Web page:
As for advantages for not paying back any principal at all for hundreds of years: this is ridiculous. Over time, these things build up. Bonds issued in 1850 and all the later ones are piled, one on the other, until they form a pyramid. Each one is bigger and each one lasts longer and eventually, there are too many and the bleeding is hemorrhaging present revenues until the entity dies. This is why shutting down debts is so important. It also prevents inflation.
U.S. Mortgage Market’s $3 Trillion Problem
U.S. home loans exceeded the total cash available in the country by $3 trillion at their peak, showing the size of the mortgage problem to be fixed, said Michael Shaoul, chief executive officer of Oscar Gruss & Son Inc.
The CHART OF THE DAY shows the growth of the nation’s mortgage market compared with the Federal Reserve’s M2 gauge of money supply. The lines crossed in the first quarter of 2002, reversing a 42-year relationship….
The gap peaked at the end of 2007 at $3.123 trillion and now stands at $2.387 trillion. Part of the spread reflects mortgages at face value that are already being carried by banks at 50 cents on the dollar, Shaoul said.
It was just plain irresponsible for the bankers to hand out $3 trillion in loans. At the very beginning of the big mortgage debt bubble, it was obvious that the bankers were increasing the money supply far and beyond the official money supply. This is what also caused that sudden cloud-burst of hyperinflation.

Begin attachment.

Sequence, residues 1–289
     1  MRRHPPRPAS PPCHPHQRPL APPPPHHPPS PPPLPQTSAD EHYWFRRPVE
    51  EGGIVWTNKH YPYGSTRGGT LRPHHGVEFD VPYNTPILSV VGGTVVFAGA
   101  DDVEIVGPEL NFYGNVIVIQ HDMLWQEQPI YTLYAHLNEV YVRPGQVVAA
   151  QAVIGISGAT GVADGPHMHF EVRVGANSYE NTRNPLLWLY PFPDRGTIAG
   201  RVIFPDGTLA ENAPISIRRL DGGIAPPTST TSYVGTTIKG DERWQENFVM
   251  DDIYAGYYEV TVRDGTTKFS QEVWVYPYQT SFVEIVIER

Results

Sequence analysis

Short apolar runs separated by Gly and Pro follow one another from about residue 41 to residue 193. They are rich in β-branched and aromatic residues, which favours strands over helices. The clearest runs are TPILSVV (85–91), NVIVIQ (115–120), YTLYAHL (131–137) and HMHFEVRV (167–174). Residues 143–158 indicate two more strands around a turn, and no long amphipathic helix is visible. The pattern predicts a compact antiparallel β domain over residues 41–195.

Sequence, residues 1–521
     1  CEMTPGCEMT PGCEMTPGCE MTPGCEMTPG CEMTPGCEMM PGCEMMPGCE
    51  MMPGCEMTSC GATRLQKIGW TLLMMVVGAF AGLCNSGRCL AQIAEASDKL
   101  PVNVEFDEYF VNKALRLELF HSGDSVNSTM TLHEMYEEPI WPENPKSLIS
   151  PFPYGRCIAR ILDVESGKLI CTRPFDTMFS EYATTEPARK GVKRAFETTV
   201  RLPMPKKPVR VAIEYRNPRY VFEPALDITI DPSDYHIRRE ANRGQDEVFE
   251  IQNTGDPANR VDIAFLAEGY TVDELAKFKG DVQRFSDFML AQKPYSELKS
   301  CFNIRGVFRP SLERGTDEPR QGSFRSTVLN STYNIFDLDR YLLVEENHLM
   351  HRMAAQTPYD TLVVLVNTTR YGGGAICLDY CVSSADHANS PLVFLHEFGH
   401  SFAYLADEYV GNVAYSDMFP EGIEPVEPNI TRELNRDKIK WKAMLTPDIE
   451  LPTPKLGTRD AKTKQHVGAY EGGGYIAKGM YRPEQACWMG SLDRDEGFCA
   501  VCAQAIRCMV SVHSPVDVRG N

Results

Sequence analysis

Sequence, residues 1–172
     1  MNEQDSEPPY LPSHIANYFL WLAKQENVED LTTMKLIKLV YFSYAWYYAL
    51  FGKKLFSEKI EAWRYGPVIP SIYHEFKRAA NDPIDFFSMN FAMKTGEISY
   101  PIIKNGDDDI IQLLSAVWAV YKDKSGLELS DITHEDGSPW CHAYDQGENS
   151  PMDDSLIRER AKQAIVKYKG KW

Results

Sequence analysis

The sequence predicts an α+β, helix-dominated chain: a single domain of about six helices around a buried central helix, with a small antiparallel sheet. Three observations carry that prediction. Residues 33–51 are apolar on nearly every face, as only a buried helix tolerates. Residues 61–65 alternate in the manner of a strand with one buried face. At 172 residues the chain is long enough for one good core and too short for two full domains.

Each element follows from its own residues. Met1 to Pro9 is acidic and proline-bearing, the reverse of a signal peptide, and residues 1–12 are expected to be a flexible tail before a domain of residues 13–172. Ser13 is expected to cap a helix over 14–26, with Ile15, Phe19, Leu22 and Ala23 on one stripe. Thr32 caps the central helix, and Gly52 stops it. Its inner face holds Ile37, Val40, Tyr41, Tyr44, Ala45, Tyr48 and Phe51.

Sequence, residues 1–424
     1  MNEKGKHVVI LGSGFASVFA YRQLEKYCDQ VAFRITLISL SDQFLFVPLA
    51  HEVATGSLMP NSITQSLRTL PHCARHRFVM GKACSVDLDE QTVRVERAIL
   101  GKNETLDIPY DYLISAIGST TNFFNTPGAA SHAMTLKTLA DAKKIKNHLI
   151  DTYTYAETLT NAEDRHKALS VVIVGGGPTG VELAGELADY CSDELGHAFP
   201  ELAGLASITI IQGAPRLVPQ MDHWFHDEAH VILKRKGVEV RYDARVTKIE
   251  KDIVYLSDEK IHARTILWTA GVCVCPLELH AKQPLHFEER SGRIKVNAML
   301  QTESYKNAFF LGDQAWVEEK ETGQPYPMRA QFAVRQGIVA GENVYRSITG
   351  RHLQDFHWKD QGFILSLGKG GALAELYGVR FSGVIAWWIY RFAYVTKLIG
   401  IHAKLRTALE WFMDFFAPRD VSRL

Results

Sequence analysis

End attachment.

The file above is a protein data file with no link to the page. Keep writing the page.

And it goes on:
The old, old bonds laid at the door of the taxpayers pay and pay and pay for long-gone projects that are not making any profits at all while we see mortgages granted in just the last 3 years vanishing into thin air, due to bankruptcies all over the place. This is a bad combination: growing, never paid-off government obligations bleeding money in the form of interest payments all over the place while at the same time, people living in buildings that still exist, drop the entire thing, causing immense losses. And the bankers want a steady stream of interest payments flowing into the bank! This is how they get richer.
The faux tax cuts so far have not freed the taxpayers so they can use their capital elsewhere. It has, instead, become an insidious builder of future debts that will squeeze out absolutely everything in the next 50 years until all we have is taxes to pay for interest on lending which is how we paid for services from 1945-the indeterminate future.